Chief Justice Francis S. Korkpor was yesterday joined by several dignitaries including President Ellen Johnson Sirleaf to sign the book of condolence in honor of the late Associate Justice Cllr. Clarence Lorenzo Simpson Jr.
Cllr. Simpson died on January 30 at age 83.
His remains will today, Friday, be removed from the Samuel A. Stryker Funeral Parlor and taken to the Temple of Justice for viewing at 5 p.m.
Later the body will be taken to the Trinity Cathedral on Broad Street in Monrovia for wake keeping.
Born on June 15, 1933 in Monrovia, Cllr. Simpson completed his secondary education at the Williston Academy, East Hampton, Massachusetts, USA.
He later entered the University of Massachusetts at Amherst and graduated in 1953 with a B.A. in Political Science and Government. Upon his graduation that same year, Cllr. Simpson enrolled at the Georgetown University Law Center, where he also earned LLB in Law.
After earning a law degree in the US, Cllr. Simpson returned home in 1958 to contribute his quota to the development of the Liberian state as epitomized in his services rendered in the government and academic spheres.
He commenced working with the government in 1958 as a Legal Counsel for the Department of Public Works and Utilities, now Ministry of Public Works.
He later joined the Supreme Court bar in 1961, and in 1964 he was appointed by the late President William V.S. Tubman as Associate Justice of the High Court on the James A.A. Pierre Bench.
Cllr. Simpson served as Associate Justice until 1971, when he resigned to serve as the first Associate Justice to become Attorney General, Minister of Justice. He served as Attorney General up to 1974, when he resigned from government and entered private life.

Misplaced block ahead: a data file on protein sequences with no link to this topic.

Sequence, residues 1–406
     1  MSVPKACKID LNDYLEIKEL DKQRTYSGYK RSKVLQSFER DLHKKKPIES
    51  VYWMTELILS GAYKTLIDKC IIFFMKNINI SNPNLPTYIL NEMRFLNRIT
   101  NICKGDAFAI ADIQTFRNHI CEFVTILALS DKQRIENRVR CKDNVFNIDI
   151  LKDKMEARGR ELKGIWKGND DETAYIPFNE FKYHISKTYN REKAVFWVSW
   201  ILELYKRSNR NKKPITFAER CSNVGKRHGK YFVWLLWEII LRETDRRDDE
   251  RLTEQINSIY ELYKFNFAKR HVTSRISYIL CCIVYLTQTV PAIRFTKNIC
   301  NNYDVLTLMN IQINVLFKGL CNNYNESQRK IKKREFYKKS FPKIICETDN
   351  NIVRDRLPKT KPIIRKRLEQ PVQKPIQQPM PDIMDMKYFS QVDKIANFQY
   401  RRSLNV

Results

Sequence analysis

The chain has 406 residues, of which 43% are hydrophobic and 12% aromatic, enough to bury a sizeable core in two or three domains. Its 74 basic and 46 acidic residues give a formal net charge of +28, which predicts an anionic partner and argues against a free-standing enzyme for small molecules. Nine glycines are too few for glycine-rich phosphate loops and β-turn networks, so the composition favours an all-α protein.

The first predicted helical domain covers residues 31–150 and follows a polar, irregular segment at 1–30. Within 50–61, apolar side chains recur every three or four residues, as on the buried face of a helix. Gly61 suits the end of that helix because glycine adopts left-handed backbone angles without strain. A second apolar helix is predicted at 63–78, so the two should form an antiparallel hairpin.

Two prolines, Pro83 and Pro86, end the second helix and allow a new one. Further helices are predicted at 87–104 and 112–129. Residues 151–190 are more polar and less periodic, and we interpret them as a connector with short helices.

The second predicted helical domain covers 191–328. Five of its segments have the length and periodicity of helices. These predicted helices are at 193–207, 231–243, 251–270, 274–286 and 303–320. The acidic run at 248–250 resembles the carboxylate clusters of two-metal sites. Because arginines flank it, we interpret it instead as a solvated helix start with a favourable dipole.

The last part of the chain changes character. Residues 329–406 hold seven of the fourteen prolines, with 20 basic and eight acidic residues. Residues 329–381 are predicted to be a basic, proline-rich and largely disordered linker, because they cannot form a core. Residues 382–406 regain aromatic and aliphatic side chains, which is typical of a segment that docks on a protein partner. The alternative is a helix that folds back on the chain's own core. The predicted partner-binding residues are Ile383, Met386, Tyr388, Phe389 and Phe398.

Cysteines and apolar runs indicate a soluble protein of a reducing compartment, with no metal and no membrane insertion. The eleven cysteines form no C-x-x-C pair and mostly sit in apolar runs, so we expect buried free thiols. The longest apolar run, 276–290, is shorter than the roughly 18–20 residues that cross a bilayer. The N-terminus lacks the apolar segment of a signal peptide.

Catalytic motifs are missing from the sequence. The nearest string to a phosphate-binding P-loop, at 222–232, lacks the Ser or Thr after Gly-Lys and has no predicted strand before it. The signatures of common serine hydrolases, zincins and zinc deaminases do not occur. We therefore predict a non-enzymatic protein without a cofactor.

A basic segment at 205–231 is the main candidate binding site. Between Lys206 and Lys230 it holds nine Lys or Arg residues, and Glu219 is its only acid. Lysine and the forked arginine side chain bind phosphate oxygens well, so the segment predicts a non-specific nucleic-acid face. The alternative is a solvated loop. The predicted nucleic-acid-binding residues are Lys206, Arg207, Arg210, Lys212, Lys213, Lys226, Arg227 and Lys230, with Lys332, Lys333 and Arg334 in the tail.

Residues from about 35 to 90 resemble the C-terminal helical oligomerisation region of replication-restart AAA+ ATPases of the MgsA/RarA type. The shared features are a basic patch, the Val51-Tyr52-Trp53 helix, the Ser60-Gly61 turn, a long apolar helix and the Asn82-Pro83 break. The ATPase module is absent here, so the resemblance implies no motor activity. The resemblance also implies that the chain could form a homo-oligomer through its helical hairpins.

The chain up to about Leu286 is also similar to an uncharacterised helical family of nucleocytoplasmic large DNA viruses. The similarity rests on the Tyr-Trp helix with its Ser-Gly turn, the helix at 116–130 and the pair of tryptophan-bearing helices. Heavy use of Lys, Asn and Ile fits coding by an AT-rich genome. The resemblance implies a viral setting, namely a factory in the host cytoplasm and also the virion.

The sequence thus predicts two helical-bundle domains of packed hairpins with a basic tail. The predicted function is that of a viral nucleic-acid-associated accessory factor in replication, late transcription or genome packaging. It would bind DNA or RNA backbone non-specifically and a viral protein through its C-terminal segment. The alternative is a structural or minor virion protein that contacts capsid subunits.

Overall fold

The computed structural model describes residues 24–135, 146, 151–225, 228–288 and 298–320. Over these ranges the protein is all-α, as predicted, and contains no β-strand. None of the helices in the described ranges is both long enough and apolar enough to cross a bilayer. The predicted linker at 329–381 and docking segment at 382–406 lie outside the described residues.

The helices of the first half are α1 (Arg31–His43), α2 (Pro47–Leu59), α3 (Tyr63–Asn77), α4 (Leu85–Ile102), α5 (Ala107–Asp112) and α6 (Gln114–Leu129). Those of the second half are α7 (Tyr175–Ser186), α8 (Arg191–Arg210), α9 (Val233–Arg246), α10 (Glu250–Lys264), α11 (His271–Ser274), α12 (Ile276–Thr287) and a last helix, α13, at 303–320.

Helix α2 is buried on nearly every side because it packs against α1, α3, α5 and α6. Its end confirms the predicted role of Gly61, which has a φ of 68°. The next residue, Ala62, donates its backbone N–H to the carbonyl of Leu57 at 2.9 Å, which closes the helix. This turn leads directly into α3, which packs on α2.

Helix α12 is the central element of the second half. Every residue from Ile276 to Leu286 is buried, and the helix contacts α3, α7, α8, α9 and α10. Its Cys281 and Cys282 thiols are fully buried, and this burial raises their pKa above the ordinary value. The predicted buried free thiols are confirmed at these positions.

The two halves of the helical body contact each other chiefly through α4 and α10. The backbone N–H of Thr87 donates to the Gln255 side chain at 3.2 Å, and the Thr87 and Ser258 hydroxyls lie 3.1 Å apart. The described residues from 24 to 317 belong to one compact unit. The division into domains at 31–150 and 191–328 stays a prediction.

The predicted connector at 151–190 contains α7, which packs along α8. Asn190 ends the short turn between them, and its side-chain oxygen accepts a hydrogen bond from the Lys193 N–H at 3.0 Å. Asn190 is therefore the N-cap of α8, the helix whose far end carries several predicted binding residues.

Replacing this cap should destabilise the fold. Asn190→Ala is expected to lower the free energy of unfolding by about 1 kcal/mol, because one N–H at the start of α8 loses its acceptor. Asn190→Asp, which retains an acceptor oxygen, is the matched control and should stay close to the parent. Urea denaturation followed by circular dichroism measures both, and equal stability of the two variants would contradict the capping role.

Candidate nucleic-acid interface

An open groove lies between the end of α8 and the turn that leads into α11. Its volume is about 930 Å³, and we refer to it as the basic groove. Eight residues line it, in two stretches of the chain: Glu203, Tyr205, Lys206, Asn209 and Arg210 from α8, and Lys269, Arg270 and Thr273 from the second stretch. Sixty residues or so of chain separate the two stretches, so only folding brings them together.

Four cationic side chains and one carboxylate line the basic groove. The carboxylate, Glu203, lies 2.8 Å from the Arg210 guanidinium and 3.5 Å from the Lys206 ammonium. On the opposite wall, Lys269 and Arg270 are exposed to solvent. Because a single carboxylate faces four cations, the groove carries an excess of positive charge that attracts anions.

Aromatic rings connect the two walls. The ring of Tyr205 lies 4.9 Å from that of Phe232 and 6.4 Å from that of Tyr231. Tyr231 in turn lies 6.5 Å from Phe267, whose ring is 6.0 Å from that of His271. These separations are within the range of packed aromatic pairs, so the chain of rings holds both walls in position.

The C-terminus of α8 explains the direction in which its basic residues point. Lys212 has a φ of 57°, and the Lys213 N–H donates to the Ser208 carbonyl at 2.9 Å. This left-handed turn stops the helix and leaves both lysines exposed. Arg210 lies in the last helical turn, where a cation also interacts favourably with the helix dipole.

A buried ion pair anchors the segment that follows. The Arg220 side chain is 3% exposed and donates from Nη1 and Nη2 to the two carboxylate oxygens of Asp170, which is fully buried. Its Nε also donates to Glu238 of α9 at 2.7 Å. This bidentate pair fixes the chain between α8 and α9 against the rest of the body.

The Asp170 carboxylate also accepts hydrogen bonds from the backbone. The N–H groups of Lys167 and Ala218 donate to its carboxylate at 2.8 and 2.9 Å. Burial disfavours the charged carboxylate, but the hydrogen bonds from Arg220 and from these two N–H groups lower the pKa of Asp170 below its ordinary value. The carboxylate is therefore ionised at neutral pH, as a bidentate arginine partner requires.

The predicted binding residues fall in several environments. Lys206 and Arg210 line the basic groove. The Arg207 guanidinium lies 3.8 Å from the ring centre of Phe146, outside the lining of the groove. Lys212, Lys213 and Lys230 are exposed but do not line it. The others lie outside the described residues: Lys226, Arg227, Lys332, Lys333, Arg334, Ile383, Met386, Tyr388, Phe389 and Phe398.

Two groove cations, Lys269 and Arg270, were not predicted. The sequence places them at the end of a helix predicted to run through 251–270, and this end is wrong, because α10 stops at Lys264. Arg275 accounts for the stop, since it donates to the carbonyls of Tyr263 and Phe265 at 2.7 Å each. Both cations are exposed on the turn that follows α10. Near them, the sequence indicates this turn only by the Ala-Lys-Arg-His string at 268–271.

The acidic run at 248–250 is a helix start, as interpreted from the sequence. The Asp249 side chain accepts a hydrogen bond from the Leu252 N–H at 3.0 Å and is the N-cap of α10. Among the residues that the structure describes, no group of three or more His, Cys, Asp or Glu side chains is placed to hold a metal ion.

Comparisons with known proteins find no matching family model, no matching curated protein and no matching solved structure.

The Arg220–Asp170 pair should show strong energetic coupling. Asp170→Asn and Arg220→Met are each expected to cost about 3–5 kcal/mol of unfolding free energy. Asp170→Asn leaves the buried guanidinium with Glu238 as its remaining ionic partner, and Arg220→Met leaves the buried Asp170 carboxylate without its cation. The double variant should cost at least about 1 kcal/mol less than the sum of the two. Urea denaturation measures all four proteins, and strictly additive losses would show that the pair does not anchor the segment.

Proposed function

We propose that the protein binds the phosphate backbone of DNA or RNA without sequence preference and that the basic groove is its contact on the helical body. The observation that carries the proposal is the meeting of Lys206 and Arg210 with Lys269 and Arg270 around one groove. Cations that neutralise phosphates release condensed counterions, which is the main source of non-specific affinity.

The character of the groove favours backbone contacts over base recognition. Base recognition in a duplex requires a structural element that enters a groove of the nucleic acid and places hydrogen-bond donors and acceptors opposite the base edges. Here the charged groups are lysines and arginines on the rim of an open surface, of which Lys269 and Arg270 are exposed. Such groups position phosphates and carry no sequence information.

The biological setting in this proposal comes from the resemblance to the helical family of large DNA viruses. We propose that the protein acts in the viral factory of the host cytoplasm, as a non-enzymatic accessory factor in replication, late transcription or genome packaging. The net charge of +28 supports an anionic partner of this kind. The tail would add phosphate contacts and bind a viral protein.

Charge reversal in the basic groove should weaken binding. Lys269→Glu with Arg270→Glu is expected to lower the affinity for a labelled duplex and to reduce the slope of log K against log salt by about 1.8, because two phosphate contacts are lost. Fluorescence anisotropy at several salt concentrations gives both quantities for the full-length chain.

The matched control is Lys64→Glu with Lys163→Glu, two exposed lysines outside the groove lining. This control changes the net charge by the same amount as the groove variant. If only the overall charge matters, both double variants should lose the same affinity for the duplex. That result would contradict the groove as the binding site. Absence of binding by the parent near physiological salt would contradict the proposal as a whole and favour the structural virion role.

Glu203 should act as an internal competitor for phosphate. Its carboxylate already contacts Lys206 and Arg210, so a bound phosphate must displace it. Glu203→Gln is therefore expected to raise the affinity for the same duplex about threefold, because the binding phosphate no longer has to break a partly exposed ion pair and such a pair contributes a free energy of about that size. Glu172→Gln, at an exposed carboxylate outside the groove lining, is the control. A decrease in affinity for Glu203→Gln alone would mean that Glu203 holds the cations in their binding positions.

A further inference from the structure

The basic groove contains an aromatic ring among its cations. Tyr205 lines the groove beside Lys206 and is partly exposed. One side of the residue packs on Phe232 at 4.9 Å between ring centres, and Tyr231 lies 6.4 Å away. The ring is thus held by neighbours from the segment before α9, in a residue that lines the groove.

Still in active law practice, Cllr. Simpson was the founder of the Simpson Law Firm, which was established in 1958 with the late Cllr. Peter Amos George. In 1959, his late father, Cllr. Clarence L. Simpson Sr., who was then Vice President to President Tubman, retired from government and joined to lead the Simpson Law Firm.
Upon the death of his father, the Simpson Law Firm’s nomenclature was later changed to the Bright and Cooper Law Firm. He later reopened the firm in 1975.
He was a member of the Episcopal Church of Liberia and served two terms as Diocesan Chancellor.
Cllr. Simpson also served as a member of the Board of Trustee of several institutions and a member of the Board of Directors of several corporations.
He later retired from active practice, but did consultancy and at the request of the late Chief Justice Johnnie L. Lewis. Cllr. Simpson served as Chairman of the Grievance and Ethics Committee of the Supreme Court, and as member and secretary of the Judiciary Inquiry Commission, a position he resigned in 2011.